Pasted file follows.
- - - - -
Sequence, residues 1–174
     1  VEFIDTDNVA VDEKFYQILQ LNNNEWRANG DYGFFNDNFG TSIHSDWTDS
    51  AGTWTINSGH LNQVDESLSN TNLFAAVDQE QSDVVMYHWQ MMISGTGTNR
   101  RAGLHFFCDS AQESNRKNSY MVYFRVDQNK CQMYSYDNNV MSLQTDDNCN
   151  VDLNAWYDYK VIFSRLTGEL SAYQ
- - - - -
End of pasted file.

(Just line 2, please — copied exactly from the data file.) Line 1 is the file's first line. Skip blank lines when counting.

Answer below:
     1  VEFIDTDNVA VDEKFYQILQ LNNNEWRANG DYGFFNDNFG TSIHSDWTDS